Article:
The three H-atoms and one F-atom thus form a single covalent bond with the central C-atom on each side of the CH3F molecule.
|Atom||Electronic configuration||Valence electrons|
The electronegativity of fluorine is more electronegative than the carbon and hydrogen atoms (E.N of F = 3.98, E.N of C = 2.55, E.N of H = 2.2).
Due to this electronegativity difference, the F-atom strongly attracts the shared electron cloud from the bonds. The bonded electrons are held significantly close to the fluorine atom in the CH3F molecule.
The central C-atom and H-atoms thus gain a partial positive charge (Cδ+ and H δ+), while the fluorine atom being more electronegative, obtains a partial negative (Fδ-) charge. In this way, oppositely charged poles develop in the CH3F molecule.
The F atoms not only attract the shared electron cloud of each C-F bond but also attracts C-H electrons. As a result, the electron cloud distribution in the molecule is unequal overall.
Thus, CH3F is a polar molecule.
The dipole moment is the product of electrical charge (Q) and bond length (r) between two bonded atoms. It is a vector quantity expressed in Debye (D) units.
It is represented by a Greek symbol µ and measures the polarity of a bond.
The dipole moment of any molecule depends on the difference in electronegativity between the bonded atoms. The greater the electronegativity difference, the higher the bond polarity, resulting in a high dipole moment value.
It points from the partial positive (δ+) center to the partial negative (δ–) center of a bond or molecule.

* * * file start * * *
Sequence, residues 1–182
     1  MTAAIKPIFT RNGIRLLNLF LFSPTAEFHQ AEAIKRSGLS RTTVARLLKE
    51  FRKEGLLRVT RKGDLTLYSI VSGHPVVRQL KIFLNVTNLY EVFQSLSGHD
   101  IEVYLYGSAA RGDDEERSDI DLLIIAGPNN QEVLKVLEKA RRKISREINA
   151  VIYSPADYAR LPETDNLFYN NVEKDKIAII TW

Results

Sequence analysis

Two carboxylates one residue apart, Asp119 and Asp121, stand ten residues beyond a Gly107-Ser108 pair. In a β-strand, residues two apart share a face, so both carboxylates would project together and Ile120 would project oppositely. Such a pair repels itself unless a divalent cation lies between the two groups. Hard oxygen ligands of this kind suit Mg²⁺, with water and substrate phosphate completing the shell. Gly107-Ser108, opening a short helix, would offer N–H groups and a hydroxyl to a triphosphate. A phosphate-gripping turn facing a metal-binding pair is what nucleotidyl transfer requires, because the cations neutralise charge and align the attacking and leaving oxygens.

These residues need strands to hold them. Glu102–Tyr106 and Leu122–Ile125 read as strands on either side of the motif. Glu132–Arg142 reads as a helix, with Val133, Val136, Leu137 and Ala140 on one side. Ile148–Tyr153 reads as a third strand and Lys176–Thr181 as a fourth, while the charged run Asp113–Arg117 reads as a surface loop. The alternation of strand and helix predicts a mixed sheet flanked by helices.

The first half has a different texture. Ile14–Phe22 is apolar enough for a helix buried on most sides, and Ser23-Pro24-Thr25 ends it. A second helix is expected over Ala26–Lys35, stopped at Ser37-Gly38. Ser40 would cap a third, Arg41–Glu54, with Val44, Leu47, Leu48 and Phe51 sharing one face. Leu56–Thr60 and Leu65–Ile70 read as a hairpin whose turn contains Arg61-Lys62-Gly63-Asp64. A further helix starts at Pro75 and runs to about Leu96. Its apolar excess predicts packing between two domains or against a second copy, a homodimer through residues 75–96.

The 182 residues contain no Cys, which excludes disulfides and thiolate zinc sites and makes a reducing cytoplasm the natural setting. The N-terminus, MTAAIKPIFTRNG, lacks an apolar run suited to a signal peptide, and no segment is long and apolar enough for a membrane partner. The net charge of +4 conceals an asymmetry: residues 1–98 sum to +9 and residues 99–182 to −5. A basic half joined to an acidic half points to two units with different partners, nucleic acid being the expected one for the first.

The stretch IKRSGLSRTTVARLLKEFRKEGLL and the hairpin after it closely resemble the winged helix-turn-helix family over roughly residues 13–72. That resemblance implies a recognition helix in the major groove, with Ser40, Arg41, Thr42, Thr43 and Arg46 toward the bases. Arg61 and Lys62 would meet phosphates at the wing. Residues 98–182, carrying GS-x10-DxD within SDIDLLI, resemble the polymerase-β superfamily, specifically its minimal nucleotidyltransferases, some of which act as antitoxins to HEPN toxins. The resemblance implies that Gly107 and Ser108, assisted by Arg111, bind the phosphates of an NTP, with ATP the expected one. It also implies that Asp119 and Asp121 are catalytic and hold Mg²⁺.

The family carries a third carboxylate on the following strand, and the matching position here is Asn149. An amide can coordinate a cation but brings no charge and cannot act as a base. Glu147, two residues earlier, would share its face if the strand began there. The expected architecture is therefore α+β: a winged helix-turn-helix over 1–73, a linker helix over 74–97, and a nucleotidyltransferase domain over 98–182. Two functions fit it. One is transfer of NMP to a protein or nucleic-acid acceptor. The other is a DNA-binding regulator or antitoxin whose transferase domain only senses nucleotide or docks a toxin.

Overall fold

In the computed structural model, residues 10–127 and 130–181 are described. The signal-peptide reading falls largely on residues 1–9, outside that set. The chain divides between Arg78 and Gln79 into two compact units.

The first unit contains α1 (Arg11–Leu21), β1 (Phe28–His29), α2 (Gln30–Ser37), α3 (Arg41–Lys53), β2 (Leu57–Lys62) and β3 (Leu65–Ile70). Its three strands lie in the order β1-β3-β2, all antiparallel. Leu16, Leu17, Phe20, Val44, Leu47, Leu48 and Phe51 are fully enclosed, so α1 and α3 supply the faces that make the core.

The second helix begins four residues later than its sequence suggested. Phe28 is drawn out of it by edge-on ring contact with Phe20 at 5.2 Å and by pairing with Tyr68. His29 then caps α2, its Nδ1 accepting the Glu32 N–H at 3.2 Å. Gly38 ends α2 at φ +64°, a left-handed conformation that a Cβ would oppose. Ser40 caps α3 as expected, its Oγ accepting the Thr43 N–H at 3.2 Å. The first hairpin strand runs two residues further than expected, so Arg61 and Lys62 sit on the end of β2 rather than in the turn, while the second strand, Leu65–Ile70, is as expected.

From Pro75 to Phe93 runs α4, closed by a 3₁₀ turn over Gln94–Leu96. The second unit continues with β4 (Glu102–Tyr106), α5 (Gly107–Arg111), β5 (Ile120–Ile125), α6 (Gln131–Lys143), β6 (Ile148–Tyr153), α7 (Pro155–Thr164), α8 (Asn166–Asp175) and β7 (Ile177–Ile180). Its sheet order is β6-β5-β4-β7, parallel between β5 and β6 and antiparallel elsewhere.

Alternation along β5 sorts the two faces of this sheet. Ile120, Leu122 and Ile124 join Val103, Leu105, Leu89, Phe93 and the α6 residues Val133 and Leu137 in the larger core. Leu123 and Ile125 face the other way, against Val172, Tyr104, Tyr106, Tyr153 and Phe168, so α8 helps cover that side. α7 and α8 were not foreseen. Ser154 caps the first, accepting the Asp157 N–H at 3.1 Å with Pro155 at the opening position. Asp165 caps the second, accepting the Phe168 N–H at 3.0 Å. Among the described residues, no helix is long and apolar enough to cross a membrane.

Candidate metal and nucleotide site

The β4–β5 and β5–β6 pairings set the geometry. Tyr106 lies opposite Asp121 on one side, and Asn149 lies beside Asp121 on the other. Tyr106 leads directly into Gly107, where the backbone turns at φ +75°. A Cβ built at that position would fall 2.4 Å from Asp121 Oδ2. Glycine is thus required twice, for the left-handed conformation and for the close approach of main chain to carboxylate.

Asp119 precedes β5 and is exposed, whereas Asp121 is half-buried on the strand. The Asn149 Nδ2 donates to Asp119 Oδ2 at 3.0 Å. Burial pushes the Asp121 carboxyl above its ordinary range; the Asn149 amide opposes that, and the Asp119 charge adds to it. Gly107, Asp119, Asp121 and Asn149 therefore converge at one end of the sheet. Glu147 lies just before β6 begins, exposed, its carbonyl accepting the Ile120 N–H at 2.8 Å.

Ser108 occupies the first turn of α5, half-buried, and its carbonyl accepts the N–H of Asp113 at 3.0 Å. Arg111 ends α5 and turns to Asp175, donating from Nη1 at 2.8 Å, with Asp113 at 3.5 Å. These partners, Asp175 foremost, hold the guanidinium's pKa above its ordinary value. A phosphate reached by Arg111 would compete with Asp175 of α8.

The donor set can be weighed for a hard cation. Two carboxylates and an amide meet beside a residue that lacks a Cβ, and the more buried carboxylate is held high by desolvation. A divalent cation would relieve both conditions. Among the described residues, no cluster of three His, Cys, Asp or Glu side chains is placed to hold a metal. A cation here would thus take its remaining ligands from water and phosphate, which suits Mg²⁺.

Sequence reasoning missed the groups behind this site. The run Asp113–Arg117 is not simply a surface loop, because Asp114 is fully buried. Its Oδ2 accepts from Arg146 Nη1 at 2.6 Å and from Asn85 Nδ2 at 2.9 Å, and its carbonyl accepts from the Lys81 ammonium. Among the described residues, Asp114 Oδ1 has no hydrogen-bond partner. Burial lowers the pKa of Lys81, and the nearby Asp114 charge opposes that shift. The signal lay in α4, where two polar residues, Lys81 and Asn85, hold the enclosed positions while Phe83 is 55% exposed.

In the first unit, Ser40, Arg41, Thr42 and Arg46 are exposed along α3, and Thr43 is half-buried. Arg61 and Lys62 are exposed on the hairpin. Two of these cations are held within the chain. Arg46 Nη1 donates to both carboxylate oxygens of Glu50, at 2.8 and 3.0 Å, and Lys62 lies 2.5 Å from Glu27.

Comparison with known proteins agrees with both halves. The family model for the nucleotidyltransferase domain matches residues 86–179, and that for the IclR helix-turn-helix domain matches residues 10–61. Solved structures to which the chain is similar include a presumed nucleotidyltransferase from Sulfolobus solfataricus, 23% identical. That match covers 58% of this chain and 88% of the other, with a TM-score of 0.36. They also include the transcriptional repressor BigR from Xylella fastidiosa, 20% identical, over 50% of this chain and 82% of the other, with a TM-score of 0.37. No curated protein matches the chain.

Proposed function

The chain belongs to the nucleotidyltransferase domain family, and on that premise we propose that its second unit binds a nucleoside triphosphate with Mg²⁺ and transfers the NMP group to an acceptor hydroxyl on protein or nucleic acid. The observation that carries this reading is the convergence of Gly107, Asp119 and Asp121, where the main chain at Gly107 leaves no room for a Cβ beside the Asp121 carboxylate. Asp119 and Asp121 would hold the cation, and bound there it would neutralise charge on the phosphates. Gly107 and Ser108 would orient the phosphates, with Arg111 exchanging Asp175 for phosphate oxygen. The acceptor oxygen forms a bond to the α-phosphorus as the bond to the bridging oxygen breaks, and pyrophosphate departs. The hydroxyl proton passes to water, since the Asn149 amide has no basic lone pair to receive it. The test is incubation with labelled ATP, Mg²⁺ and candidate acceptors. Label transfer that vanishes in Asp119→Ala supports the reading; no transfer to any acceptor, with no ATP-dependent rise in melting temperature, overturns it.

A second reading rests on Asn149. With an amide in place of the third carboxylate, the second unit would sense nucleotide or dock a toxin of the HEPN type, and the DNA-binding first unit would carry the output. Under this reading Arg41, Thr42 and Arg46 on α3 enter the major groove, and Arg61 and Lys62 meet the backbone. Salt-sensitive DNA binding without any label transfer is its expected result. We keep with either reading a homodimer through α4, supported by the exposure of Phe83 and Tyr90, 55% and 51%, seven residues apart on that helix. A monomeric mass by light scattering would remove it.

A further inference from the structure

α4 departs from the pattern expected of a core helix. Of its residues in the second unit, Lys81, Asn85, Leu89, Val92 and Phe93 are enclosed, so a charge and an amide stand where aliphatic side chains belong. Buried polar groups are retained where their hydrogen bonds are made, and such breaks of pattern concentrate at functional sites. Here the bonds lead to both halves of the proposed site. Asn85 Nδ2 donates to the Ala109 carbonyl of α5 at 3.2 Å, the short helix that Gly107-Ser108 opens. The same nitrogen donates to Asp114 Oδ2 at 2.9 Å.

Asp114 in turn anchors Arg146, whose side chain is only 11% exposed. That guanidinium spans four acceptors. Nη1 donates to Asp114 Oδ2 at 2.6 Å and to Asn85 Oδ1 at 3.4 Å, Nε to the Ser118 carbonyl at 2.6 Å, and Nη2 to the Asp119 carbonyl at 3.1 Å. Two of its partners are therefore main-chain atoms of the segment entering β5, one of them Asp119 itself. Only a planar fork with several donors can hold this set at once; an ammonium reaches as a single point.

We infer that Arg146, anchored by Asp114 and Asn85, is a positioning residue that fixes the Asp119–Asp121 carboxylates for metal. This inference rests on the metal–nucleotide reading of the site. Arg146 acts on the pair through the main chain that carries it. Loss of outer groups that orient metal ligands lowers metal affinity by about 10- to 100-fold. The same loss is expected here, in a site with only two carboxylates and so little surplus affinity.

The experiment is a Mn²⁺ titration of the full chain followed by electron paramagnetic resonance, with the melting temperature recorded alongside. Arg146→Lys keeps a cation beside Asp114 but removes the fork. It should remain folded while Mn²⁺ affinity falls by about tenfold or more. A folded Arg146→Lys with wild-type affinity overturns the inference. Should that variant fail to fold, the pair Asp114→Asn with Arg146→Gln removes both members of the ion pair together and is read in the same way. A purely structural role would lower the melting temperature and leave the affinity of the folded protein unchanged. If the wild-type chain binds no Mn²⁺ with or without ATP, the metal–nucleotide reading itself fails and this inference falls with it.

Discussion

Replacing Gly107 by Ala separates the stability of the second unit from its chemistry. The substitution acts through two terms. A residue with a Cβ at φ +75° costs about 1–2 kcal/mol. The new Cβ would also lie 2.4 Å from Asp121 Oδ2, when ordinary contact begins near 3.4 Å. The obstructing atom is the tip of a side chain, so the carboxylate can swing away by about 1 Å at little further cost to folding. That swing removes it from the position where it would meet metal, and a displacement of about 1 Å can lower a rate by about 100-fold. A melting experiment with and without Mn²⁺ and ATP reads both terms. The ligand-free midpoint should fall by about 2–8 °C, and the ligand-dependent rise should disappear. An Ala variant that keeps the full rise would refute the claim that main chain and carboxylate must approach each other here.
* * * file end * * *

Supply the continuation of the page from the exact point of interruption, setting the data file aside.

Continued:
The difference in electronegativity between the bonded atoms in the CH3F molecule leads to dipoles pointing from Cδ+and Hδ+ to Fδ-.
Thus, each bond in the CH3F molecule is polar, with a net dipole moment greater than 0.
As discussed earlier, a methyl fluoride (CH3F) molecule consists of three single C-H covalent bonds and one C-F covalent bond. There are a total of 14 valence electrons in the overall molecule.
According to the Valence Shell Electron Pair Repulsion Theory (VSEPR) theory of chemical bonding, CH3F is an AX4-type molecule. Around the central carbon atom (A) are four bond pairs (X).
To minimize the electronic repulsions between the atoms, the methyl fluoride (CH3F) molecule adopts a tetrahedral geometry with a bond angle of 109.5°.
As a result of the asymmetric arrangement of atoms around the central carbon, the individual dipole moments of the bonds do not get canceled in the methyl fluoride (CH3F) molecule. There is an unequal distribution of electronic charge over the molecule.
In conclusion, CH3F is an overall polar molecule with a net dipole moment (µ = 1.847 D).
Difference between polar and nonpolar?
|Polar molecule||Non-polar molecule|
|Atoms must have a difference in|
|Atoms may have the same or different electronegativity values|
|Unequal charge distribution overall||Equal charge distribution overall|
|Net dipole moment greater than zero||Net dipole moment equals to zero|
|Examples include water (H2O), ethanol (CH3CH2OH), ammonia (NH3), sulfur dioxide (SO2), bromine trifluoride (BrF3), methyl fluoride (CH3F), bromine pentafluoride (BrF5), etc.||Examples include oxygen (O2), nitrogen (N2), methane (CH4), carbon disulfide (CS2), etc.|